Read the full article by Elizabeth Gribkoff (Environmental Health News)
“Cosmetics companies could face litigation if their products are found to contain PFAS, warn attorneys, as a rash of recent lawsuits hit companies touting themselves as clean but whose products contain evidence of ‘forever chemicals.’
The lawsuits are a harbinger of future liabilities for the cosmetics industry, with efforts underway in the U.S. to restrict the sale of makeup made with the compounds—and even designate some PFAS as hazardous.
‘You’ve heard those, probably in the legal field, saying for many months now that these [studies finding PFAS in cosmetics] will likely trigger a lot of litigation. And here we are—that has finally started to happen,’ said Ally Cunningham, environmental attorney at Lathrop GPM, a law firm that hosted an industry webinar Wednesday. The firm says it has represented companies in some of the country’s “most publicized” PFAS cases, including chemical manufacturer 3M in a lawsuit over allegations that the chemical manufacturer dumped the compounds in an Alabama river.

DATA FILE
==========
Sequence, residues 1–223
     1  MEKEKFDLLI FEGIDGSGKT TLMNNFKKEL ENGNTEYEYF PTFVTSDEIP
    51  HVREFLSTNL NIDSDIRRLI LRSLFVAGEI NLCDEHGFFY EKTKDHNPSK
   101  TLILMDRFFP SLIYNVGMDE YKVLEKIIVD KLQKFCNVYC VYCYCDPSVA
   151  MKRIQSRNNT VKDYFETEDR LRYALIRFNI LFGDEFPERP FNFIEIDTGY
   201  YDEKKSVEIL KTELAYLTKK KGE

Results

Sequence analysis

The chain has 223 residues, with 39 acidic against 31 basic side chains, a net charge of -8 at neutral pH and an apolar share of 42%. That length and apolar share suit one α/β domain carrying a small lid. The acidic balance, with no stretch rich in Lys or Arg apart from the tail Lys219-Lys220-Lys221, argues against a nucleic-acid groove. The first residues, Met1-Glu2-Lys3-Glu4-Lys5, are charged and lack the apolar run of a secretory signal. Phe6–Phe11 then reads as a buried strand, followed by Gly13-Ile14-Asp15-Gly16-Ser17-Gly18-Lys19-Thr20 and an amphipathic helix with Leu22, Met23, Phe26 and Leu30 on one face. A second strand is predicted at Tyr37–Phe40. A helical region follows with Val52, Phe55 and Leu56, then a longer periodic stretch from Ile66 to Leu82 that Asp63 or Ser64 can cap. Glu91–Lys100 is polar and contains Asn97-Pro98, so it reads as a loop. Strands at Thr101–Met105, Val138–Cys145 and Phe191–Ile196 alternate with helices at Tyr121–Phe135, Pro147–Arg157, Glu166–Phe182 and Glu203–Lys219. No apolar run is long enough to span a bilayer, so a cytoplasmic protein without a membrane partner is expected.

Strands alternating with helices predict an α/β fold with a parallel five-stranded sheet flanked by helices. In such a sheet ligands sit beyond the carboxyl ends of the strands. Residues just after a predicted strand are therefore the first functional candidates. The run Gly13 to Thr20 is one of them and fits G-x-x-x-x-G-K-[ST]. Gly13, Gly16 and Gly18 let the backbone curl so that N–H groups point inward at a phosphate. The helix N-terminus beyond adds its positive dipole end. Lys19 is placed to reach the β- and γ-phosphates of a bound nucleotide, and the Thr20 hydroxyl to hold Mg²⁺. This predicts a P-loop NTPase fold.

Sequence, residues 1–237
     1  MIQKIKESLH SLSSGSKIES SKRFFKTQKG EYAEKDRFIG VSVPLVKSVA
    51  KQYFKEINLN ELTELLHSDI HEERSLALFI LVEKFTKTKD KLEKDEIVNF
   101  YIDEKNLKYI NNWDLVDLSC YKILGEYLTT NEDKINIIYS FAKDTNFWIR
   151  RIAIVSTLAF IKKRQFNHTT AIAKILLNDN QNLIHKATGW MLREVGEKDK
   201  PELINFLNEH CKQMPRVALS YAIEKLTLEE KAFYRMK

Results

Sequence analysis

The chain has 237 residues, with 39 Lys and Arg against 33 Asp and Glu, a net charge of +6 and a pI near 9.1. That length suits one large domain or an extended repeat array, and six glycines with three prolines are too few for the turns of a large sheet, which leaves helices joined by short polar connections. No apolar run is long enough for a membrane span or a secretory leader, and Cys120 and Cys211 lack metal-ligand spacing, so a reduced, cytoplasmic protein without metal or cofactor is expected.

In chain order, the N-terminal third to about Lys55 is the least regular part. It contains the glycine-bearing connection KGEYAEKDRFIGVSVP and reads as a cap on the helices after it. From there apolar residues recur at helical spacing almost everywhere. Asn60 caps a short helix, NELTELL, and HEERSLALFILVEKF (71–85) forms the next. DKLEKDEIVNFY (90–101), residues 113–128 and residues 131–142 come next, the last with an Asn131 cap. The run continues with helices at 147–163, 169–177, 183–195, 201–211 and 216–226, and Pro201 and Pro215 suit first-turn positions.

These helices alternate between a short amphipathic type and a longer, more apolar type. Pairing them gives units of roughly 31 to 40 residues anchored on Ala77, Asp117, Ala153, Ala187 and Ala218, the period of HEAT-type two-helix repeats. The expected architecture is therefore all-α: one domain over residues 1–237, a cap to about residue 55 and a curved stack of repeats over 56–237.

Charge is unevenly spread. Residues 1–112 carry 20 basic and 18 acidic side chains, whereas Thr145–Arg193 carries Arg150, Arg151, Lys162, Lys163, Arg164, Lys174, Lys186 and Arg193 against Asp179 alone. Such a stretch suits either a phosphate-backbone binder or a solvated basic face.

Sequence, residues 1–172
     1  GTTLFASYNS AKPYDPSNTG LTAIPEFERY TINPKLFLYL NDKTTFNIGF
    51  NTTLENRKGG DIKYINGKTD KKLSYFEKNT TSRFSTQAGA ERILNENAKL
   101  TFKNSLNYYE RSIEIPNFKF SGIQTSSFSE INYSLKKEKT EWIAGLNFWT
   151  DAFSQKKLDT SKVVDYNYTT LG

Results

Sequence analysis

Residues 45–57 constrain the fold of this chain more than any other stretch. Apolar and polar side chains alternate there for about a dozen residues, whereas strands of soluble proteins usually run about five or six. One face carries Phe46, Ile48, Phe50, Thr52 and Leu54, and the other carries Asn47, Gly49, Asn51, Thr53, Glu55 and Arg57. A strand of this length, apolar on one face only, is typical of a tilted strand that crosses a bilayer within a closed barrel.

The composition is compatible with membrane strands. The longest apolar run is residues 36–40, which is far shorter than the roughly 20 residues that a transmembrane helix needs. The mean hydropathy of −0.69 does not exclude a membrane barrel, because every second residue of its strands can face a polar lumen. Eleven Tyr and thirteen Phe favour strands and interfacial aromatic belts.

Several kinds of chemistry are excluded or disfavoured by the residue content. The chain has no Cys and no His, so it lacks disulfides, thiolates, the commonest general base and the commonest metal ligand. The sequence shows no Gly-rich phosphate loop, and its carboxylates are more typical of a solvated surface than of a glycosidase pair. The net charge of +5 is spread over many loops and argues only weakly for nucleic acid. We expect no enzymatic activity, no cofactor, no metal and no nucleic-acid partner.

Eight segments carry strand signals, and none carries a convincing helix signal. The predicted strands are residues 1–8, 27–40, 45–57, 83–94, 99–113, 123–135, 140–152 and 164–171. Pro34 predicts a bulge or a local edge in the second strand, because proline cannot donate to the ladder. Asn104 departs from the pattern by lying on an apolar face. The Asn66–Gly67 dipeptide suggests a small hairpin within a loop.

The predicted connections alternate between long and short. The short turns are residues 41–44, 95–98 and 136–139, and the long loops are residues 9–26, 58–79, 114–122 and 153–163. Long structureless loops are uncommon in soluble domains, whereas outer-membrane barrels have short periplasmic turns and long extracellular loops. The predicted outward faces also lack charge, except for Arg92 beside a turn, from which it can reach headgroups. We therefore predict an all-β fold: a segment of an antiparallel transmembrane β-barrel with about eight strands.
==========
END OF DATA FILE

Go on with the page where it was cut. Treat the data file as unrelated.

Recent PFAS lawsuits highlight vulnerabilities for cosmetics industry
PFAS, or ‘per- and polyfluoroalkyl substances,’ are a broad class of manmade compounds added to cosmetics to make them smoother, more spreadable, and longer-lasting. They also can be present in trace amounts because of their use in manufacturing processes as coatings and lubricants—and because they’re widespread in water supplies. Some PFAS have been linked to health effects ranging from liver damage to increased rates of cardiovascular problems and certain kinds of cancer.
Last year, a team of researchers from the University of Notre Dame and other institutions tested fluorine levels—a potential indicator for PFAS—in more than 200 cosmetics, finding that about half had fluorine. When they tested 29 makeup products with higher fluorine levels for individual PFAS, they found the compounds in every product.”…